18 Aug 10 Signs Your Contractor is a Con Man
You’ve finally had enough of those old Oak kitchen cabinets and the yellow linoleum floor and have decided it’s time for a remodel. Maybe it’s that outdated bathroom. You know the one. It smells like grandma’s attic and your guests try to avoid it at all costs. Perhaps it’s a new outdoor kitchen for the back yard. Regardless of the project, it seems that we Americans love to change our environment. There’s nothing like good ole sweat equity, am I right? It’s actually therapeutic.
However, once the decision has been made to remodel, the real headache begins; who do I hire for the job. You can’t get just anyone or you might end up with the bottomless remodel project from hell. The one that always costs more than you thought and takes three times as long to complete. Worse, it’s done so poorly that you have to pay another person to fix it the right way.
As they say, forewarned is forearmed. Here are 10 indications your prospective general contractor might be a general con man.
1. License, I Don’t Need No Stinkin’ License!
There are unscrupulous people who want to make the fast buck and be on their way. If the prospective contractor refuses to give you a copy of his license and certificate of insurance, which should include liability and worker’s compensation, It’s time to show him the door. Don’t risk it.
2. Here Today Gone Tomorrow Harry
You need to ask the hard questions. How long have you been a General Contractor? Who are some of your clients? Do you have any references? Use Google to find out the facts. If they don’t have a valid website, Google My Business listing, or even a verifiable address, beware.
3. Impatient and overly anxious to begin work
If they seem anxious to start and avoid signing a contract or discussing the construction process in detail that is a red flag. Some will try to make the process overly casual. As if, it’s just two old friends agreeing to do a job. Refusing to supply a written contract or other paperwork necessary to provide you with legal protection is a clear sign you might be falling for a scam.
4. Can I get a check for that?
It is common practice for contractors to require an up front deposit to cover material costs that are outlined in the contract, however you should not be asked to foot the bill for materials that are not set forth in the contract. Statements like
“We appologize but because of XYZ conditions we had to purchase alot more of this material…”
All licensed contractors will calculate the materials necessary for the job exactly. They know how much lumber they will need, and how much of any other resource may be required. Occasionally, there are situations, which are out of the contractor’s control, that may require additional materials but those situations are rare. In such cases the reputable contractor will sit down with you and explain in detail why more materials might be required.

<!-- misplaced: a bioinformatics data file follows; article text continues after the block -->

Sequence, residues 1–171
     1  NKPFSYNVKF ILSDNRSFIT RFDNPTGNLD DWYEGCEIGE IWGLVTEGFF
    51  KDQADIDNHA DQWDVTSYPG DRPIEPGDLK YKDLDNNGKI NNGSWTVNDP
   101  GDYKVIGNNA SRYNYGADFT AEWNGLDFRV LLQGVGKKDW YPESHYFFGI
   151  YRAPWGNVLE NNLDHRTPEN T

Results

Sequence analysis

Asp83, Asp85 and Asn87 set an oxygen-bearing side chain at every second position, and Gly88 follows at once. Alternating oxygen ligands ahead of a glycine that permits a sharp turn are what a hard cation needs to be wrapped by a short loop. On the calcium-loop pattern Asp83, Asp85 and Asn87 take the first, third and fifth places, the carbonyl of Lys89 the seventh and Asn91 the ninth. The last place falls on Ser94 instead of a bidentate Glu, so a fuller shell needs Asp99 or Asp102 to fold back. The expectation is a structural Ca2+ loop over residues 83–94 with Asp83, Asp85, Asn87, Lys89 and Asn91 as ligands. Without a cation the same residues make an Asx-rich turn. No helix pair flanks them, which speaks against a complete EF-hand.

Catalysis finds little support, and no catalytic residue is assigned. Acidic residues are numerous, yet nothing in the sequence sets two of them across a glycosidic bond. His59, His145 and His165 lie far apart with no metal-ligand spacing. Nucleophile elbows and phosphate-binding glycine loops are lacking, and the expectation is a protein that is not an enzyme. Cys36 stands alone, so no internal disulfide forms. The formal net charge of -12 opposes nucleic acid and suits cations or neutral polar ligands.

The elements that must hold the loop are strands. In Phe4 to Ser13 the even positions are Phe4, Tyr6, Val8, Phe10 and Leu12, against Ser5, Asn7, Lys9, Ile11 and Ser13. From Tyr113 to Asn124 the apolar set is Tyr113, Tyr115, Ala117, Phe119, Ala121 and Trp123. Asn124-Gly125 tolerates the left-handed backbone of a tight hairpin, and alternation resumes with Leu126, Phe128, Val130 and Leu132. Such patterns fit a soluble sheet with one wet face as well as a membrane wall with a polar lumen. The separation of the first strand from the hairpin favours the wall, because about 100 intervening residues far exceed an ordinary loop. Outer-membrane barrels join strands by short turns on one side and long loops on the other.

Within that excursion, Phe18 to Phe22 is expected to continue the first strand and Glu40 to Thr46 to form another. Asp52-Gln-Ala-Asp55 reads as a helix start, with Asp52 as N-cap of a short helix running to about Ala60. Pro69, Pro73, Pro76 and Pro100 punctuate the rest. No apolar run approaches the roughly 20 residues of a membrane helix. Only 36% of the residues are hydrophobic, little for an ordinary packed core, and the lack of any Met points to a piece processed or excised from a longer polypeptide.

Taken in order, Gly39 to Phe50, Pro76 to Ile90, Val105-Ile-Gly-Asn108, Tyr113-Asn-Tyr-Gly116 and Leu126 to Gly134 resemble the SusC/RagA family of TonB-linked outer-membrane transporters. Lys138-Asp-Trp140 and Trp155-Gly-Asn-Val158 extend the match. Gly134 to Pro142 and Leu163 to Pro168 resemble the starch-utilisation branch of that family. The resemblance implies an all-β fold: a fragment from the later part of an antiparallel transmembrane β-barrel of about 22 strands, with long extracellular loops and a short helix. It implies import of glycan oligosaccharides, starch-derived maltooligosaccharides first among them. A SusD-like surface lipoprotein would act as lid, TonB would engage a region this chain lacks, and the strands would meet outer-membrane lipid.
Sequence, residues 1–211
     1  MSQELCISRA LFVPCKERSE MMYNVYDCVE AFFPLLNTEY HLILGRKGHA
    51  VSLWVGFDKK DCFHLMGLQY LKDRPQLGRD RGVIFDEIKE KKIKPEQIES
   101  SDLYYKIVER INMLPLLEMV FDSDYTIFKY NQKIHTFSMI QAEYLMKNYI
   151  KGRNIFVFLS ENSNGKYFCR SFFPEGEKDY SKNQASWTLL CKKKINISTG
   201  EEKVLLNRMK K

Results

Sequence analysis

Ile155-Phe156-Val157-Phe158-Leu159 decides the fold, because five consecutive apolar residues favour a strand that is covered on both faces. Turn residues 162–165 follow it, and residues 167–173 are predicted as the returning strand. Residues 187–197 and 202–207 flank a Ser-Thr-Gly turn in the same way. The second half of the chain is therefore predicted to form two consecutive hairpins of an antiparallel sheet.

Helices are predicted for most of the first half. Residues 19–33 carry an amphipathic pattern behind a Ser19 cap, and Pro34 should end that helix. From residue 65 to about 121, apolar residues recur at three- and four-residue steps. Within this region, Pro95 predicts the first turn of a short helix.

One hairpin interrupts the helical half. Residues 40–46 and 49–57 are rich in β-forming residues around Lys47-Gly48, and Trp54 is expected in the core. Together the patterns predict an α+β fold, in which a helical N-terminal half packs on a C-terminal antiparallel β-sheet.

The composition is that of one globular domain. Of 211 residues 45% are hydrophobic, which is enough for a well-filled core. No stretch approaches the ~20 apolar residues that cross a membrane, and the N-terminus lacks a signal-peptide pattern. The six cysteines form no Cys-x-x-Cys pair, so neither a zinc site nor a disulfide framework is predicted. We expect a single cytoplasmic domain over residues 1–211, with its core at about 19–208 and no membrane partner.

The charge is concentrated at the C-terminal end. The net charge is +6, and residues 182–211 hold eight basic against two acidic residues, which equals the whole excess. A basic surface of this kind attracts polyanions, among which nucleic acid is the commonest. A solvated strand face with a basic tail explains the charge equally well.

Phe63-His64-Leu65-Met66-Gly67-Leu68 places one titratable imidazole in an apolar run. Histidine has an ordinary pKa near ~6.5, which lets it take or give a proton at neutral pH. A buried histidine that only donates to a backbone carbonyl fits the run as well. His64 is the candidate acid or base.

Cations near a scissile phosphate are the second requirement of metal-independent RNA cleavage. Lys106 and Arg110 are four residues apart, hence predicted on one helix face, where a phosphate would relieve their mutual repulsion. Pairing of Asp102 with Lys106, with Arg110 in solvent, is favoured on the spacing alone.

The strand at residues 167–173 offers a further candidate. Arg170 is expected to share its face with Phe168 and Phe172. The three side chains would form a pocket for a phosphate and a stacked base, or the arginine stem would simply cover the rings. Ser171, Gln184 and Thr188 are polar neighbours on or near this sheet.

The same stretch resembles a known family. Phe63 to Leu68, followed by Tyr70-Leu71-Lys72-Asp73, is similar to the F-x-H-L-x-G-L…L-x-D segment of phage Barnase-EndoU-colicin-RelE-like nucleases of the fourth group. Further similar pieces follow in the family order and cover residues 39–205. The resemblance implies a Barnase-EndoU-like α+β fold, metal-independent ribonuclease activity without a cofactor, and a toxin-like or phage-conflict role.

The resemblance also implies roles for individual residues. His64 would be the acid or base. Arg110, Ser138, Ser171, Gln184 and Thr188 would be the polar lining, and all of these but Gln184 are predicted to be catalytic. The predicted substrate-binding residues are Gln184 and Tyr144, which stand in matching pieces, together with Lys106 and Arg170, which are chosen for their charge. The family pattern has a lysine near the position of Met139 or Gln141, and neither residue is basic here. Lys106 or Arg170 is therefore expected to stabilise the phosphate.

5. You Gotta Fix That Or…
Beware of contractors who try to use bullying or scare tactics to get you to sign off on upgrades or additional changes. They will attempt to capitalize on your lack of construction knowledge and convince you that some dire consequence will occur if you don’t have the additional work done. Just say no.
6. You’re Going To Need A New One
It’s always a red flag if the Contractor tries to convince you something needs replacement when it works fine. Furnaces may be older but if they work and you like them, leave them alone. A reputable general contractor will never try to do work that you don’t want done or that doesn’t need doing.
7. I Just Don’t Like The Cut Of His Jib
Never discount your own intuition. If something about them seems strange or odd, investigate. More often than not that feeling has it’s roots in reality. Trust your instincts.
8. Avoid the Sales Hype
If they suggest to you that they will give you a super deal if you will allow them to put a sign in your front yard as advertisement beware. Any reputable contractor knows the right way to advertise and it’s not with a random sign in a homeowner’s front yard. Also, don’t fall for the “Limited Time Offer” sales approach. A reputable general contractor will be more than happy to allow you time to gather other bids and to do your research before committing to them. They are interested in quality and satisfaction, not quantity and profit.
9. There’s Just One Thing, I Need Payment In Advance
Asking for an initial deposit before beginning work is one thing. Many reputable contractors employ this technique to insure the buyer is serious about the project. However, you should never be required to foot the entire project cost in advance. There is usually only one reason a contractor requires full payment in advance, they don’t plan to stay around.
10. There Are No Guarantees, Ma’am!
Any general contractor worth his salt will be more than happy to guarantee their work. If they refuse to guarantee their work, there is probably a good reason. Get the guarantee in writing before work begins. Due diligence is its own best reward.